Over the years Hall has been the primary curator and librarian of the MacLean Collection, helping to organize and catalog the collection, as well as assist in acquiring new material.  The collection now boasts over 35,000 maps, globes and books ranging from the 15th century to the present.  The types of media contained in the collection is quite broad, including globes, wall maps, sheet maps, pocket maps, case maps, atlases, manuscript maps, relief maps, pictorial maps, Portolan charts, posters, cartographic games and puzzles.  Although maps of the Great Lakes, US states and counties, and 19th century American maps continue to be key strengths of the MacLean Collection, other concentrations include British county maps, wall maps, and world maps.  As the material is cataloged, new areas of future growth potential are discovered, spurring additional acquisitions in those areas.  The collection is never static, with several hundred items added each year to fill gaps in the collection.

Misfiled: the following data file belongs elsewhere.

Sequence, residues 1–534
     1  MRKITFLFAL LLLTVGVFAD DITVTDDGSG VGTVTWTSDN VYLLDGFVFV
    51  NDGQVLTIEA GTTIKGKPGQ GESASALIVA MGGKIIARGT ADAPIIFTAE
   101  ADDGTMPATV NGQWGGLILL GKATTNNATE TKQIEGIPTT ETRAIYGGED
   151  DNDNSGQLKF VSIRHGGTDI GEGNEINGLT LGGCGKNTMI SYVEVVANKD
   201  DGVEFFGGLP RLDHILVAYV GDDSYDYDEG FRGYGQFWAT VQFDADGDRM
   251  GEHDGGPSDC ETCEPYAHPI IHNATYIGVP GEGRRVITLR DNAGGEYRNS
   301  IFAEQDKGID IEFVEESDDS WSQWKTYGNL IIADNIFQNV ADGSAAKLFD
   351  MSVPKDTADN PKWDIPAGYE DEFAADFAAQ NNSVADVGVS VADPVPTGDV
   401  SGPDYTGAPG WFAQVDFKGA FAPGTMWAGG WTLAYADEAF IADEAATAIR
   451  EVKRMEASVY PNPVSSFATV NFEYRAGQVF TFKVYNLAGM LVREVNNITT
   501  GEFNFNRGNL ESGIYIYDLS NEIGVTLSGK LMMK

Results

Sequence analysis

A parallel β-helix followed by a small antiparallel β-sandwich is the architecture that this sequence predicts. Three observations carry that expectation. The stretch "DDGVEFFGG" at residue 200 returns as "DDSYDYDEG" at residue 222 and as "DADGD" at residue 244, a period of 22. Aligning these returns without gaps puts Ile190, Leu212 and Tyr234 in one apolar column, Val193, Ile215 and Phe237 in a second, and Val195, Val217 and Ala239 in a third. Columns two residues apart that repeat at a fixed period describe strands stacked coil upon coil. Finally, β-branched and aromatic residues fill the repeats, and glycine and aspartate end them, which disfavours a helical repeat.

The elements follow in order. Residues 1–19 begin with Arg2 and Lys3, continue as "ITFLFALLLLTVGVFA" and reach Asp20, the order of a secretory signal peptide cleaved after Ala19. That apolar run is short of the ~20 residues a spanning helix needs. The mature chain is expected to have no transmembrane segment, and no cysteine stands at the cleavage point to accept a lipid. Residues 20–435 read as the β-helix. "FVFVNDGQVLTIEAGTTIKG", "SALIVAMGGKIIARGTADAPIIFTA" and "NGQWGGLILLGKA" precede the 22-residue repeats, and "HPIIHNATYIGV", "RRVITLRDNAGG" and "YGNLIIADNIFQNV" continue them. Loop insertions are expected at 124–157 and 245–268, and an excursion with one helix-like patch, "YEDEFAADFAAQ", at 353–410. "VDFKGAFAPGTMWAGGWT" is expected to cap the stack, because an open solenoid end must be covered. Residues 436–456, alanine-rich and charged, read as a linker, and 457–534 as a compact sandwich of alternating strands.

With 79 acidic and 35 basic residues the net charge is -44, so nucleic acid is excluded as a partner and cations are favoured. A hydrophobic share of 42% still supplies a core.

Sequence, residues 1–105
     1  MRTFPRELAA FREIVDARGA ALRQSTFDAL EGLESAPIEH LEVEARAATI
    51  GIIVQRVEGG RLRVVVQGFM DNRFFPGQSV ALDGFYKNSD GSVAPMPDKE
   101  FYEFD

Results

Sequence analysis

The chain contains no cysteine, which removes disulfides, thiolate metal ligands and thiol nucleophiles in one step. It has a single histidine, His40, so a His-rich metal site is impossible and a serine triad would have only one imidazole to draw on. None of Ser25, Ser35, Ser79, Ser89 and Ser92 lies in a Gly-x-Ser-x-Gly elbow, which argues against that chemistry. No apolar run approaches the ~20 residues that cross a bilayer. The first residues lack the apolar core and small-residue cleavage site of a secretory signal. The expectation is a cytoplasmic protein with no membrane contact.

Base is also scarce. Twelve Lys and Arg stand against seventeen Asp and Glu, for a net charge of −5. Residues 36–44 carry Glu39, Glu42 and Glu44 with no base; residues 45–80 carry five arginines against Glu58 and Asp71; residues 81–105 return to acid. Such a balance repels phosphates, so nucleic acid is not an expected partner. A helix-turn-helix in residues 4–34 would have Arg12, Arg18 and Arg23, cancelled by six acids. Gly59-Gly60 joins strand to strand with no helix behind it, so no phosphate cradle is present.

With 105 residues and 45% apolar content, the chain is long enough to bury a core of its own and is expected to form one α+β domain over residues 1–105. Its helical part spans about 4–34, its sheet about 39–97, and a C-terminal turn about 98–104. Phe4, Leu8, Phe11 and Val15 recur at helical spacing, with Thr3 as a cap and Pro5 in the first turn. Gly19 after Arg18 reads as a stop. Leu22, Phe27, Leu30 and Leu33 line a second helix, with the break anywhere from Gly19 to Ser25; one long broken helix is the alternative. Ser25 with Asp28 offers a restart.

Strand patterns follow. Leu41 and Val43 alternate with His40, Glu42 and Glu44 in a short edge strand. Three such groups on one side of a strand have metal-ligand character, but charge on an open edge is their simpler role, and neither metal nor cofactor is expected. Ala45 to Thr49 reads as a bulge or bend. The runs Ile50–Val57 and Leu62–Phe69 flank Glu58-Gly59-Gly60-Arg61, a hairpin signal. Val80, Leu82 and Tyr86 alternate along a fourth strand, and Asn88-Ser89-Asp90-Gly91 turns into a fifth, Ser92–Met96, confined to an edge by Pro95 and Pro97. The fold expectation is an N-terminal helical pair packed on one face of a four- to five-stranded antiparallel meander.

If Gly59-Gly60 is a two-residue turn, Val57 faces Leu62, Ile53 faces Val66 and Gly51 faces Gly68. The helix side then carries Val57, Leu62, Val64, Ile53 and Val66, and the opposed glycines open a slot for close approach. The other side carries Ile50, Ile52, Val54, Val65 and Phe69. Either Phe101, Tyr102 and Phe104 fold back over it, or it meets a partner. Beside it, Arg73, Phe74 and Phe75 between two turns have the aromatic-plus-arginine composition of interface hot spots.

One highlight of the collection is a manuscript land survey of the Capacon River Valley in Virginia produced by George Washington on April 18, 1751.  The survey was created on behalf of Joseph Edwards, who was appointed Justice of the Peace that same year.  The survey detailed an area that later became known by "Mercer's Massacre" or the "Battle of the Great Cacapon River."  Another important piece in the collection is Samuel de Champlain's map, "Carte Geographique de la Nouvelle Franse," based on sketches Champlain made during his voyage of 1603-07.  The map illustrated the interior of North America for the first time to a European audience, thereby encouraging exploration into the Midwest and beyond. 
The collection also includes fascinating and rare thematic maps, including a zoological wall-chart by Anna Maria Redfield entitled "A General View of the Animal Kingdom," published in 1857, which represents the earliest known tree of bio-diversity based on a systematic classification structure.  These three examples showcase the breadth and uniqueness of the collection, with thousands more cartographic gems to be uncovered.
Anna Maria Redfield, A General View of the Animal Kingdom, 1857